Her father was furious. He tracked her down at a convent in San Paulo near Bastia where she had been placed in the care of Benedictine nuns ... but she refused to return home, and continued to profess that she would have no other 'husband' but Jesus Christ. She implored Francis to send her to an even more secluded religious community  - Sant' Angelo in Panzo - where she was soon joined by her sister Catarina, who changed her name to 'Agnes'. Both Clare and Agnes would eventually be canonized!

They remained with the Benedictines until a small dwelling was built for them next to the church of San Damiano near their hometown of Assisi.  Here Clare and Agnes gathered other religious women around them, they lived a life of poverty and seclusion from the world and they became known as the "Poor Ladies of San Damiano". Later, ten years after Clare's death in August 1253, it would become known as the Order of Saint Clare. These days the contemplative order of nuns is in 75 countries across the world but it began with just one woman and a vision from God.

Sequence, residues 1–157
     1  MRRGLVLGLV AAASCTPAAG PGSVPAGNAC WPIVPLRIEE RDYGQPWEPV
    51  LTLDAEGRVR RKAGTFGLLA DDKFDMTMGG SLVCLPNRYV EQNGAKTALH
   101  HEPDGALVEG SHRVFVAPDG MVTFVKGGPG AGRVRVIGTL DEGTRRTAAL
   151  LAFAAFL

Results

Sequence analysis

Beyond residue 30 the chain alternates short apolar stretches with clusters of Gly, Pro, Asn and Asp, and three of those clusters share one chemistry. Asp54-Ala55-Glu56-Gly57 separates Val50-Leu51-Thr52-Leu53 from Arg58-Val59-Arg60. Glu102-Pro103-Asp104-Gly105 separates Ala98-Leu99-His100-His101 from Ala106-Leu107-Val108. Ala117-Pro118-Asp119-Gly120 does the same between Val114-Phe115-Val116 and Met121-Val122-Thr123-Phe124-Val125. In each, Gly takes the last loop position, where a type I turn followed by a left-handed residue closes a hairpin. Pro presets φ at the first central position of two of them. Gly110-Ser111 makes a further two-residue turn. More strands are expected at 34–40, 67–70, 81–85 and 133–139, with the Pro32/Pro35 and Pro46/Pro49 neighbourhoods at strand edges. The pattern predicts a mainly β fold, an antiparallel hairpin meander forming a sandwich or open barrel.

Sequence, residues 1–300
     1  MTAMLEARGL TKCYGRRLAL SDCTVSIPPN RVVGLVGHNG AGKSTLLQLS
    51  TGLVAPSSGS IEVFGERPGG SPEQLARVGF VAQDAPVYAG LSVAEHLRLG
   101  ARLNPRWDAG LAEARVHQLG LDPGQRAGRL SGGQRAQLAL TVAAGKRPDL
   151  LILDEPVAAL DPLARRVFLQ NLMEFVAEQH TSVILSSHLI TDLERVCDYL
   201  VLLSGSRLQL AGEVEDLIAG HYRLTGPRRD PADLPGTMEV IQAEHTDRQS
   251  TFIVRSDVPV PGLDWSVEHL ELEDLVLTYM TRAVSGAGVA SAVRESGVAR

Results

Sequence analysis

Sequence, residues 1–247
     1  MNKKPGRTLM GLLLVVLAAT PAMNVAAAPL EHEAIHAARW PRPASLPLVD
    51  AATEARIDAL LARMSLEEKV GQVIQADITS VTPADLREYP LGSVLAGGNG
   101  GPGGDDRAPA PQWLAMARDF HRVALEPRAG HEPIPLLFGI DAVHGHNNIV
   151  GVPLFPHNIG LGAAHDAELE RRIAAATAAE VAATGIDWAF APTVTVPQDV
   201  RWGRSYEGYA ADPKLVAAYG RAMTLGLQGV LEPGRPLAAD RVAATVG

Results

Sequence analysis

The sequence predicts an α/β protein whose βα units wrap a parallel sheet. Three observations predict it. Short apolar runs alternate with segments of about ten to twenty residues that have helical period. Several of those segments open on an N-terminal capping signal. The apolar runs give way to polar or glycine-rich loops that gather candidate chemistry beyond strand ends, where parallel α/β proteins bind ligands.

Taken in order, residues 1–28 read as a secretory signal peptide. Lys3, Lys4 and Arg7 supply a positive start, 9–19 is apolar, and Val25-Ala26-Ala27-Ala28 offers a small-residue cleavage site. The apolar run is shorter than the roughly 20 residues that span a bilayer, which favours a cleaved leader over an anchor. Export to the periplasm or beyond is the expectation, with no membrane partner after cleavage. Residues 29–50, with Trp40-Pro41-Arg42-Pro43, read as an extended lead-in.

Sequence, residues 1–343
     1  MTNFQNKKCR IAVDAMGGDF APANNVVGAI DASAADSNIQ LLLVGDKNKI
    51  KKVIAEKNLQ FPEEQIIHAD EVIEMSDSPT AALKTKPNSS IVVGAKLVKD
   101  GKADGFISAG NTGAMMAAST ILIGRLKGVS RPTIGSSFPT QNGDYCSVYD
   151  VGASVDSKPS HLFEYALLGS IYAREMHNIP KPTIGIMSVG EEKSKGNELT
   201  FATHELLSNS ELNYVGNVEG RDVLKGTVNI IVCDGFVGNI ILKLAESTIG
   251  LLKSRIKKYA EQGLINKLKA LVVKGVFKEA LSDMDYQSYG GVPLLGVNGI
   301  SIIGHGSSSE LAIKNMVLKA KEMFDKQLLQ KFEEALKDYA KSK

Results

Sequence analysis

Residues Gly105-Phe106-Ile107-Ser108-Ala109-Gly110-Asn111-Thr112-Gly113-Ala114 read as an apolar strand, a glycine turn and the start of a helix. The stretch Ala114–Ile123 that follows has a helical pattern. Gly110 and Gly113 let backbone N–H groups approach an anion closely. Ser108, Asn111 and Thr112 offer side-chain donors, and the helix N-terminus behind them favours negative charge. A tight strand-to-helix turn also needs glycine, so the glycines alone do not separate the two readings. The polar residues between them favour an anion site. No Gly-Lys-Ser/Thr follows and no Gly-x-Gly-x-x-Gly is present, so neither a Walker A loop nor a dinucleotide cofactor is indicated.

While the Franciscan friars travelled around the country to preach, Saint Clare's 'sisters' existed in isolation from the world, where they lived a life of manual labour and prayer. They were barefoot, slept on the ground, ate no meat and observed almost complete silence. At one point the Pope of the day,  Gregory IX, offered Clare a 'dispensation' from the vow of strict poverty. She declined, and eventually the Pope instead granted them something called the 'Privilegium Pauperitatis' — a ruling that nobody could oblige the Clares to accept any possession. 

It's hard to imagine these days, when we're so wrapped up in belongings and 'stuff' and 'freewill', that a live of solitude and austerity could be appealing ...  but in fact Clare and her followers inspired many to join them, including more members of her own family.

Another sister, Beatrix, also joined the order and after their father's death, their mother Ortolana also entered the convent at San Damiano which followed the Franciscan monastic religious order. It was here that Clare would write their  Rule of Life, which are believed to be the first set of monastic guidelines known to have been written by a woman. 

Many words of wisdom have passed down the centuries from St Clare but I think one of my favourite thoughts from this wise Woman of God are those below.

It's such a profound thought, and could have been written for the 21st century. 

I invite you today to read these words, and reflect, as I am doing.